Monday, February 10, 2014

Unhinge the Universe

Unhinge The Universe

by Aleksandr Voinov and L.A. Witt

Give me one fixed point and a long enough lever, and I'll unhinge the universe. — Archimedes

December 1944 – The Battle of the Bulge

SS Lieutenant Hagen Friedrichs is the sole survivor of a party sent to retrieve his brother—and the highly sensitive information he’s carrying—from behind enemy lines. But his daring rescue attempt fails, and Hagen becomes the prisoner.

Allied command has ordered Captain John Nicholls to extract critical intelligence from their new Nazi POW. His secrets could turn the tide of the war, but are they real? John is determined to find out . . . and to shatter the prisoner who killed his lover during the attack on their tiny base. The deeper he digs, though, the more he realizes that the soldier under the SS uniform is just like him: a scared, exhausted young man who’s lost loved ones and just wants to go home.

As captor and captive form an unexpected bond, the lines quickly blur between enemy, friend, and lover. And as horrifying rumors spread from the front lines and American soldiers turn their sights on the SS for vengeance, John may be Hagen’s only hope for survival.
I received a copy of this book from the publisher via Netgalley.

There are certain things that I've come to expect from any book written by Aleksandr Voinov:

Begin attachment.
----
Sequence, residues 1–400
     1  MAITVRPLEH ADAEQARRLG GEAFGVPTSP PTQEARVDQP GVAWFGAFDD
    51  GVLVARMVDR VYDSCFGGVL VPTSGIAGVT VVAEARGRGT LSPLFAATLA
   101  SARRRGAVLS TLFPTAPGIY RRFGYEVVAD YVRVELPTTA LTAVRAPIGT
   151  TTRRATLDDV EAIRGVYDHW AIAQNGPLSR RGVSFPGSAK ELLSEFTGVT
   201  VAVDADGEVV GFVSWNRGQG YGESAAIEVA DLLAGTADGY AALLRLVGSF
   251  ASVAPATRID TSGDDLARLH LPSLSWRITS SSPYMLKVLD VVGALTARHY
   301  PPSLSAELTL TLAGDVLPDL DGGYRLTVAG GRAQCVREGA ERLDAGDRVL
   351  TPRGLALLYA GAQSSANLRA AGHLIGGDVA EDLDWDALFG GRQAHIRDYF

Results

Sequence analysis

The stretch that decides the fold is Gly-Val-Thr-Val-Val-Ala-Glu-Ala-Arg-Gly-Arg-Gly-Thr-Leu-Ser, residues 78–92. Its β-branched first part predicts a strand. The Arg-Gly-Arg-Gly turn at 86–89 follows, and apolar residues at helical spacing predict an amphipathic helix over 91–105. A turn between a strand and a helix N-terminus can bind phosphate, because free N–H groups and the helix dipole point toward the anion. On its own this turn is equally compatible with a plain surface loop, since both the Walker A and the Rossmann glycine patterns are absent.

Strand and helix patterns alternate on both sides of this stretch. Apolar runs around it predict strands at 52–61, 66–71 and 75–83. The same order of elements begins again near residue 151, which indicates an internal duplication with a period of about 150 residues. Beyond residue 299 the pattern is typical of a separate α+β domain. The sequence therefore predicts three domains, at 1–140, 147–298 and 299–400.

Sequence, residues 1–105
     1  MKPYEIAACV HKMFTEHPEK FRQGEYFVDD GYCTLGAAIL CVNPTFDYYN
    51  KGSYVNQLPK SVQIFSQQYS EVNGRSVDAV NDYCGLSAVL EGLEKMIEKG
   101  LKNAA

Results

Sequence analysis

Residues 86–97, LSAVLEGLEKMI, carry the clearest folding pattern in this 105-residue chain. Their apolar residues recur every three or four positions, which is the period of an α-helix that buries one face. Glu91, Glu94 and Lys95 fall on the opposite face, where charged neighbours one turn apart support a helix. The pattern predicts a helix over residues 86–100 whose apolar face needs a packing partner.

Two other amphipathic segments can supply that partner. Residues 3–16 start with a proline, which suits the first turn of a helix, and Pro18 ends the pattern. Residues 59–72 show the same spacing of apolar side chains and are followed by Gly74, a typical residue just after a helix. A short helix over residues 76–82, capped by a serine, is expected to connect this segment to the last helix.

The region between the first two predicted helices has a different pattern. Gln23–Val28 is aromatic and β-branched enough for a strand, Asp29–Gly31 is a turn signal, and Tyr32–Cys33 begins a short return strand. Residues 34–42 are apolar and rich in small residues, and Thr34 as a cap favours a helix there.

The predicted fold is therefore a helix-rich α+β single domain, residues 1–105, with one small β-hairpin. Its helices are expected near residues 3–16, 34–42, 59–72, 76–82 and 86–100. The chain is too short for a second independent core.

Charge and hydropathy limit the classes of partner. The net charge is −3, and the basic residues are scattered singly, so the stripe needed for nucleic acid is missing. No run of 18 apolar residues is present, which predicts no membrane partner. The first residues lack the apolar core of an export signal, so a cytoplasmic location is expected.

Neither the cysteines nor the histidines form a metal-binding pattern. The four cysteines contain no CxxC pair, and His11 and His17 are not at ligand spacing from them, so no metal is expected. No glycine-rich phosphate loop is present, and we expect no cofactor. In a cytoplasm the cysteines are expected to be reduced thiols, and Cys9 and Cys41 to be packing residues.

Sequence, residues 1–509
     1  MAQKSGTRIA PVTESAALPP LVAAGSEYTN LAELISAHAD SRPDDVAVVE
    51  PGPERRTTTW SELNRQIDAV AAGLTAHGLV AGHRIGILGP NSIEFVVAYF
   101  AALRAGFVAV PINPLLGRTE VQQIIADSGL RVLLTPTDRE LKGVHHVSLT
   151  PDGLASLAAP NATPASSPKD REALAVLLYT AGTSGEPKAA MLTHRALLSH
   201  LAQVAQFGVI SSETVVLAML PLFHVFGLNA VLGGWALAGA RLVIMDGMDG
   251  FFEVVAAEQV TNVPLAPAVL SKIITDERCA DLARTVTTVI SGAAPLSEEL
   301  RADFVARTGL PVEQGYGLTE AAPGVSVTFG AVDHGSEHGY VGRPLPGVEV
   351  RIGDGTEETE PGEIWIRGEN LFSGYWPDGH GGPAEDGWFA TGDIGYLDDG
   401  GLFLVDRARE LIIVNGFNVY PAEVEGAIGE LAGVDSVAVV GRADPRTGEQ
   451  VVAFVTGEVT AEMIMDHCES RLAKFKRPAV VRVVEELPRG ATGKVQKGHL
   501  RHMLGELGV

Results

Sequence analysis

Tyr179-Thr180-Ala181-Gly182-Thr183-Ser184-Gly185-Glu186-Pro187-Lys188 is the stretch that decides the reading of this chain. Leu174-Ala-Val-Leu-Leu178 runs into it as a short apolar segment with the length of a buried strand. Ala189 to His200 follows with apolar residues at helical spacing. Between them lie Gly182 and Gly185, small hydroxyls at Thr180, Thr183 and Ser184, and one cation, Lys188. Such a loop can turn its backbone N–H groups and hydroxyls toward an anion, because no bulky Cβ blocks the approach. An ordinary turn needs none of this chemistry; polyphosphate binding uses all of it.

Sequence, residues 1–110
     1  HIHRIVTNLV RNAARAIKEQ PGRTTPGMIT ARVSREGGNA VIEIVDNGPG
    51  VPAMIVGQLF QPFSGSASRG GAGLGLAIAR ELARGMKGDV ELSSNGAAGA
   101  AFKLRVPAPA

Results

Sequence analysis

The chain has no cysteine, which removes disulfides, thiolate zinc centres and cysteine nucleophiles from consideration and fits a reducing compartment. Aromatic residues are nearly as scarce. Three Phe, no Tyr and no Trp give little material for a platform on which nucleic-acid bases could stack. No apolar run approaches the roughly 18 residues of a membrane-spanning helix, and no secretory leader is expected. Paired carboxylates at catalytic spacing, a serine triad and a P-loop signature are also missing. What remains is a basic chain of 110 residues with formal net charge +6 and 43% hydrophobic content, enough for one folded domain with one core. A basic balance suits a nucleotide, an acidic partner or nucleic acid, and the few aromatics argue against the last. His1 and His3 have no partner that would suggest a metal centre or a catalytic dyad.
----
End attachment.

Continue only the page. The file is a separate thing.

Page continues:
Historical settings with incredible attention to detail, characters that are unique and complex each in their own way, and the emotional impact of a battering ram.  This book was no exception.   I haven't read much by L.A. Witt, so that's probably why I can't 'hear' her voice as well as Aleksandr's.  They worked so well together that the story is as seamless as if it were written by one person.

The setting is France during the last year of World War II.  From what I've heard, Aleksandr is a WWII nut and it definitely shows.  I was drawn in immediately because of the attention to detail and the way the setting was described so vividly.  Everything from the uniforms, the weapons, the was written so perfectly that I could easily imagine being there.

What really made the book a five star read was the tension between characters who are so different on the outside but are really quite similar at the heart of things.  Their interactions are filled with a mixture of hatred, confusion, compassion, and longing.  John's interrogations and Hagen's reactions put so much psychological tension in the mix that I just couldn't put the book down.  I loved every bit of the story because it never let me stop feeling.  I was a big emotional mess until the end and I wanted to reread it as soon as I was done.  I could go on all day just trying to explain how much Unhinge the Universe made me feel.

I'm so happy that I was able to read this one.  Bravo, Mr. Voinov and Mrs. Witt.

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